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Publication numberUS5584600 A
Publication typeGrant
Application numberUS 08/341,090
Publication dateDec 17, 1996
Filing dateNov 17, 1994
Priority dateNov 17, 1994
Fee statusLapsed
Publication number08341090, 341090, US 5584600 A, US 5584600A, US-A-5584600, US5584600 A, US5584600A
InventorsChristopher D. Langdon
Original AssigneeLangdon; Christopher D.
Export CitationBiBTeX, EndNote, RefMan
External Links: USPTO, USPTO Assignment, Espacenet
Soil erosion control and vegetation retardant
US 5584600 A
Abstract
A ground cover for controlling soil erosion and retarding vegetation growth on sloped ground includes a plurality of spaced apart water control baffles and a series of thin, sheet-like membranes between pairs of the water control baffles. The ground cover is secured to the ground by a plurality of ground engaging fasteners. The water control baffles preferably include a vertical leg having a plurality of apertures therethrough, and a ground engaging leg, which is substantially horizontal to the ground, for receiving the ground engaging fasteners. The membranes allow water to flow through the membrane while preventing erosion of the soil underneath the membrane.
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Claims(11)
What I claim is:
1. A ground cover for controlling soil erosion and retarding vegetation growth on sloped ground comprising:
a thin, sheet-like membrane; and
a water flow control baffle comprising a vertical leg having a plurality of planar apertures therethrough;
said membrane for placement on the sloped ground with said water flow control baffle placed thereon to control soil erosion and to retard vegetation growth on the sloped ground.
2. A ground cover according to claim 1 wherein said water flow control baffle further comprises a ground engaging leg substantially horizontal to the sloped ground, said ground engaging leg having a plurality of apertures therethrough for receiving a corresponding plurality of fastening means for securing the ground cover to the sloped ground.
3. A ground cover according to claim 2 wherein said vertical leg and said ground engaging leg of said water flow control baffle define an L-shaped cross section.
4. A ground cover according to claim 2 wherein said vertical leg and said ground engaging leg of said water flow control baffle define a T-shaped cross section.
5. A ground cover according to claim 1 wherein said membrane is water permeable to allow water to flow through the membrane into the sloped ground.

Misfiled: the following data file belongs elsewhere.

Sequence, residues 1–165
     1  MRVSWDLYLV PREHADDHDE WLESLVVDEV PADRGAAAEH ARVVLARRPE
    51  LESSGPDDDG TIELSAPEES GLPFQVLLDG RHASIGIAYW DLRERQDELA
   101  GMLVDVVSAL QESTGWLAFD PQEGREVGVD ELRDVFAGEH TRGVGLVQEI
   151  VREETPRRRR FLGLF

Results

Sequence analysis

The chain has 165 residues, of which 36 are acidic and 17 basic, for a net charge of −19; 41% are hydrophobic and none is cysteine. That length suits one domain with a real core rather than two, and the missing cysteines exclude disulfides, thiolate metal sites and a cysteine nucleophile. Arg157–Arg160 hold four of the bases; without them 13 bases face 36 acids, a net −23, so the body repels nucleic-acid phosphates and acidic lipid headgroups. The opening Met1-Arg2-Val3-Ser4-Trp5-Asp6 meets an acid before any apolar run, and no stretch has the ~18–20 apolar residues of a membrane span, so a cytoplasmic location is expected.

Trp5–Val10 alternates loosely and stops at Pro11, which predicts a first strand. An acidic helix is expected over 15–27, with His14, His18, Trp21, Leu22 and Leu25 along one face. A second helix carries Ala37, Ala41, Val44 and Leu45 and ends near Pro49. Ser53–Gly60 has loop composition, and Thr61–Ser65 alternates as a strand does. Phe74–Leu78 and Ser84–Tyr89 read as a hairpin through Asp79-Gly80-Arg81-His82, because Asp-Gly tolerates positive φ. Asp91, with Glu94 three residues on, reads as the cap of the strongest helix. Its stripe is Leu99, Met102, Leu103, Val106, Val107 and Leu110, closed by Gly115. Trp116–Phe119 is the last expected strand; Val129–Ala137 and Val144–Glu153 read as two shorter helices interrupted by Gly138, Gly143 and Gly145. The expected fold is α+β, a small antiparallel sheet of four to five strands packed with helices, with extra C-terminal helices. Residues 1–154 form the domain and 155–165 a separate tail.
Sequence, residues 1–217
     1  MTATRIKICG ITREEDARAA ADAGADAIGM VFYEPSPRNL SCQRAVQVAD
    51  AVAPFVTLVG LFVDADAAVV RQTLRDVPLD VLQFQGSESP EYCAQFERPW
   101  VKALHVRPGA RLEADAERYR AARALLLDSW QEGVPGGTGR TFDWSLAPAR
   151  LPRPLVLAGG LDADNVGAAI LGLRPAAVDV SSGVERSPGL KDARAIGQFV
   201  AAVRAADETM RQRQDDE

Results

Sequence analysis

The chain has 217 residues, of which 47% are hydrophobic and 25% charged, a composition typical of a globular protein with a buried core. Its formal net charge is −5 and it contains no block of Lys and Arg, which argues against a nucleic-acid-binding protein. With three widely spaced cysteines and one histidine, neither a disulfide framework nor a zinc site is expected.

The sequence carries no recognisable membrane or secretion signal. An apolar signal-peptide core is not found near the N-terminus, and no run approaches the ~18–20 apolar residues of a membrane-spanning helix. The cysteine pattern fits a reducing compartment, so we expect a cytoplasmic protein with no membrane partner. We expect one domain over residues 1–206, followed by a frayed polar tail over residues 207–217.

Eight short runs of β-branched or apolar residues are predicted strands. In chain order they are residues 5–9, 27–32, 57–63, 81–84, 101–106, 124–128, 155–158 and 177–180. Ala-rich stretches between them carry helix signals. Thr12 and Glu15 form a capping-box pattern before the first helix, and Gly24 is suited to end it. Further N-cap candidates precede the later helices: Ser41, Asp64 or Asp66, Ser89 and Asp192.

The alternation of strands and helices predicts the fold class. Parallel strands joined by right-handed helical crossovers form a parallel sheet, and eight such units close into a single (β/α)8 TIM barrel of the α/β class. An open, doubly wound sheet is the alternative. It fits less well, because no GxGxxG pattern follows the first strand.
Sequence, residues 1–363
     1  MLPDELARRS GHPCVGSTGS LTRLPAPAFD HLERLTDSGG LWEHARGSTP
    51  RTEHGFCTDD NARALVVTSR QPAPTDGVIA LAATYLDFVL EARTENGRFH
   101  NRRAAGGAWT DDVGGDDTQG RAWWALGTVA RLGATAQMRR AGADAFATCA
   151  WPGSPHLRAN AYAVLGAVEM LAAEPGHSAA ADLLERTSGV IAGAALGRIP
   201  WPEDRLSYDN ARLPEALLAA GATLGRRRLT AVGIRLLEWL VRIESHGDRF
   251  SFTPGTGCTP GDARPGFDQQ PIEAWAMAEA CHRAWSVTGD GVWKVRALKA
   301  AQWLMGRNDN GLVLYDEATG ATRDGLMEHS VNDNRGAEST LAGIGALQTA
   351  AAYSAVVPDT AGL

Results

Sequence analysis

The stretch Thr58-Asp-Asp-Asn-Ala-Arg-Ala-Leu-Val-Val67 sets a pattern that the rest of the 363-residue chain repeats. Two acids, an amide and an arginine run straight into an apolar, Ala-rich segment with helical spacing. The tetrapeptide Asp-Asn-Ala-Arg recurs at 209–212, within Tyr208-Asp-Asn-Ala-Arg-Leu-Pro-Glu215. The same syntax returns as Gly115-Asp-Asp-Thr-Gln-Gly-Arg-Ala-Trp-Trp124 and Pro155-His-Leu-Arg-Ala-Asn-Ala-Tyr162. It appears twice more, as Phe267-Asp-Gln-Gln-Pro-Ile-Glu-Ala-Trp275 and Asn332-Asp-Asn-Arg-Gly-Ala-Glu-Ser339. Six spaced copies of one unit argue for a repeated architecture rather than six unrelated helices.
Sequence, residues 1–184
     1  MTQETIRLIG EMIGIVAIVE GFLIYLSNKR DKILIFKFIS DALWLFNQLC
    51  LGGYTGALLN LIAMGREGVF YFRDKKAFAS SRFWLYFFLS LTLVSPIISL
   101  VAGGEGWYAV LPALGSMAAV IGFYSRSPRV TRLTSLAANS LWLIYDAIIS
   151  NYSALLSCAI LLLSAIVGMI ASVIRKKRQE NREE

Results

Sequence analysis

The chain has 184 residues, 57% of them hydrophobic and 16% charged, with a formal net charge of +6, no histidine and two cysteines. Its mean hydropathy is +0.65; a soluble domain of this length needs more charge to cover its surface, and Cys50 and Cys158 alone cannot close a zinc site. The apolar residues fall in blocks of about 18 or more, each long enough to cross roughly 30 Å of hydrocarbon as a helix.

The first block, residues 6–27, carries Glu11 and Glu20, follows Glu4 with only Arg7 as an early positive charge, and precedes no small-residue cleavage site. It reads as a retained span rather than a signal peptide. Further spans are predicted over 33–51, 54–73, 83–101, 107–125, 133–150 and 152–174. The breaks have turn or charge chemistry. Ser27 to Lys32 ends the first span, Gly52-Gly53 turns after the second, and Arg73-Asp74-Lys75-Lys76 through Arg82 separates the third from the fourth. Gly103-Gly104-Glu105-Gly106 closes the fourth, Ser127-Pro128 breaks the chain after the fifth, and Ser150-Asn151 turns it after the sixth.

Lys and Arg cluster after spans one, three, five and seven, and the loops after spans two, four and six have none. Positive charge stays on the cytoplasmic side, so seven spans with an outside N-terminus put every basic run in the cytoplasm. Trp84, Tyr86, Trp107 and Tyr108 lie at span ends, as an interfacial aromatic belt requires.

6. A ground cover according to claim 1 wherein said membrane has at least one opening therethrough.
7. A ground cover according to claim 1 wherein said water flow control baffle further comprises a brace fixed at one end to said vertical leg and extending outwardly therefrom.
8. A ground cover according to claim 7 wherein said brace has at least one aperture therethrough.
9. A ground cover according to claim 1 comprising:
a plurality of said water flow control baffles spaced apart; and
a plurality of said membranes, each positioned between a pair of said plurality of water control baffles.
10. A ground cover according to claim 9 wherein said plurality of water flow control baffles are attached to said plurality of membranes, and wherein said plurality of baffles and said plurality of membranes are adapted to fold together for storage and transportation.
11. A ground cover according to claim 9 wherein at least two of said plurality of water flow control baffles are positioned substantially perpendicular to each other to prevent vertical and lateral movement of aggregate material placed on said membrane of the ground cover.
Description
BACKGROUND OF THE INVENTION

1. Field of the Invention

This invention pertains to soil erosion prevention and aggregate and vegetation control in general and specifically for use on slopes where heavy rain causes erosion of soil and/or mudslides.

2. Background of the Prior Art

The prior art discloses soil erosion control devices such as mats, coverings for banks employing wire mesh, and cells filled with material for the protection of steep surface areas.

Representative of the prior art are U.S. Pat. Nos. 1,206,891; 2,092,183; 4,798,498; 4,804,293; and 5,040,572.

The difficulty with these devices is that they are very cumbersome and expensive to install.

SUMMARY OF THE INVENTION

There is a need for an efficient soil erosion control device which is simple in construction and easy to manufacture.

It is an object of this invention to provide a soil erosion control device which is inexpensive to produce and simple to install.

It is another object of this invention to provide an efficient soil erosion control device with water flow control so as to prevent soil erosion and the washing away of bulk material, i.e., mulch, gravel, etc.

It is still another object of this invention to provide for soil erosion control and vegetation retarder for bare soil areas.

And yet another object of this invention is to provide a ground cover for bare soil having water flow control laterally and vertically of the cover thereby preventing soil erosion.